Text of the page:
A recent article over on Supply Chain Brain from JDA software on Building the Supply Chain of the Future made a great point when it noted that in any supply chain there are … core business processes that must be closely synchronized in order to enable organizational agility and market responsiveness. Unless business processes are aligned in closed-loop planning processes, the organization will be unable to sense demand shits and … balance a number of priorities, including costs, customer service levels, supply risks, production constraints and environmental targets in its quest to achieve the best possible outcome.
The article from JDA indicated that six core planning processes must be synchronized in order to achieve agility, market responsiveness, and success. And they are right. The following six planning processes must be synchronized:
- Sales & Operations Planning (S&OP)
A good S&OP process provides a disciplined cadence for monitoring and synchronizing demand, production, supply, inventory, and financial plans via a rigorous Plan-Do-Check-Act process as a foundation for allowing the supply chain to share a common perspective on issues and potential resolutions.
- Demand Planning
Typically involves the utilization of advanced statistical and predictive modelling to ensure that sourcing, production, inventory, transportation, and distribution models are optimized on a shared forecast.
- Inventory Planning
Good inventory planning allows for tailored “designer” models for each category and commodity to minimize overstock, out-of-stock, and financial risks based upon key commodity and category attributes.
- Master Planning
That allows for S&OP, inventory, and demand-based supply plans to be analyzed and updated daily in response to demand and supply changes.
- Factory Planning & Scheduling
The creation of optimized production plans by plants by scheduling backward from the requirement date, with material and capacity constraints simultaneously considered for feasible plan creation.
- Collaborative Supply Planning
That allows manufacturers to monitor multiple tiers of the supply chain and each supplier that is supplying a raw material, component, or service necessary for the creation of each product being sourced from a tier 1 supplier and work with multiple suppliers simultaneously to identify minor hiccups before they become major issues to collaboratively resolve a problem before it becomes a major headache.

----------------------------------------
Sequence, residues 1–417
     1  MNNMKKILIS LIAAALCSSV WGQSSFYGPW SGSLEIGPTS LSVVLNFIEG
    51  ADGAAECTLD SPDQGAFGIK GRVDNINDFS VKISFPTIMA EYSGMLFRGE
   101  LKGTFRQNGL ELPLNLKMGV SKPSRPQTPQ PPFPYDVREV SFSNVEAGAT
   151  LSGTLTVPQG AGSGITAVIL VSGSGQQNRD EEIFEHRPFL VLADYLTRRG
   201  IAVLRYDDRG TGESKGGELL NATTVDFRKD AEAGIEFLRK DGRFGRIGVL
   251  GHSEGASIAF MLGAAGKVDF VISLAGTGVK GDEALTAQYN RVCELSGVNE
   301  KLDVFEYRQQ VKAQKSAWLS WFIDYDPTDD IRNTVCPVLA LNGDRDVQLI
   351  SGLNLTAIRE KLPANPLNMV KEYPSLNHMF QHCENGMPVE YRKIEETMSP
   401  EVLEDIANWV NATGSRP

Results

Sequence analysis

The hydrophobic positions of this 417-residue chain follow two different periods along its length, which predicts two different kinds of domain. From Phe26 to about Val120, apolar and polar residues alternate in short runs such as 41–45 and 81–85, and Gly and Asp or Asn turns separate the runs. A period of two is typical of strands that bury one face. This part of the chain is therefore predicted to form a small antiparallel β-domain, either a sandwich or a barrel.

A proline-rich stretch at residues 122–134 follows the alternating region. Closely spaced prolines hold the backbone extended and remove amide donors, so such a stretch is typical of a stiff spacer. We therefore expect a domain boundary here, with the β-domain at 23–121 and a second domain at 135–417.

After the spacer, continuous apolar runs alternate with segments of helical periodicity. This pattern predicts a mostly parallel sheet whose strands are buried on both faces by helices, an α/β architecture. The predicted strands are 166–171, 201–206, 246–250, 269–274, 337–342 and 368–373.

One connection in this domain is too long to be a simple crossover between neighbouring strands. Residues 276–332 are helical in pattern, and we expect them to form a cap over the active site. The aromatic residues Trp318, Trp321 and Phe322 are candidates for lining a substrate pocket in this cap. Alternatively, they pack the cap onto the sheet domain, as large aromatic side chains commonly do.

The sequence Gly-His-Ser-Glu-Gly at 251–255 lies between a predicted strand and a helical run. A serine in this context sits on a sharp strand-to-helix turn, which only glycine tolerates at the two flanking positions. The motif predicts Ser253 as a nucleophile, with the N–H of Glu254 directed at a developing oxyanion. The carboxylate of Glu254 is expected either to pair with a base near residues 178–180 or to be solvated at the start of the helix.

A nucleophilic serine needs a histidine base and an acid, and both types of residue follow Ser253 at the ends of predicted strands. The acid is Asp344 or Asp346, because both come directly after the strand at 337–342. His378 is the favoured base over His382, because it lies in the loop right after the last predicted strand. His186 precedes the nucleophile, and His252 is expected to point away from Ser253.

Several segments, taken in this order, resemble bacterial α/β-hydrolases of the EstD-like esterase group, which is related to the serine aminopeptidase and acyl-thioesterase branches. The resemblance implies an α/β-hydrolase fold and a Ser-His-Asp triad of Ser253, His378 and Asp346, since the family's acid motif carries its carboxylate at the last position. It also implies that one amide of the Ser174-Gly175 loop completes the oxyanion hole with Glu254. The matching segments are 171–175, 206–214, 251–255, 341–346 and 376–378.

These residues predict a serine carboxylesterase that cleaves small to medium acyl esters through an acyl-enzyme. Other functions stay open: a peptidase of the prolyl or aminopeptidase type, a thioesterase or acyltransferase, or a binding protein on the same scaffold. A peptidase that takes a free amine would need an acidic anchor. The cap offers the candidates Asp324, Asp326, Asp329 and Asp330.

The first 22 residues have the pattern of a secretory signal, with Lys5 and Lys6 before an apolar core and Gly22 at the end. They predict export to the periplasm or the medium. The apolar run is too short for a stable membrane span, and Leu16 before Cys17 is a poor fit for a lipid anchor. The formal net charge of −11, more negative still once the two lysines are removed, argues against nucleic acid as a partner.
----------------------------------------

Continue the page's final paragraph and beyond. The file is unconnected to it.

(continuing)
But this is not enough to ensure success in today’s fast-paced fickle global marketplace. Not only do we have extreme demand, supply, and cost volatility across materials, components, products, and markets, but we also have extreme competition on the sales side as penny pinching buyers, short on cash, are looking for the best deal possible. As a result, your organization not only has to be leaner and meaner than ever before, but it has to be more focussed on the value it can provide. As a result, your S&OP, demand, inventory, factory, master, and collaborative supply plans have to be linked to, and reinforce, your organizational strategy. As a result, each of these plans need to be aligned with organizational:
- Strategic Planning
which is the process of defining the organizational strategy and direction and the allocation of resources, financial and human capital, to pursue this strategy.
If these seven planning processes are aligned, your organization just might have what it takes to make it through this decade and emerge a supply management leader when the smoke clears.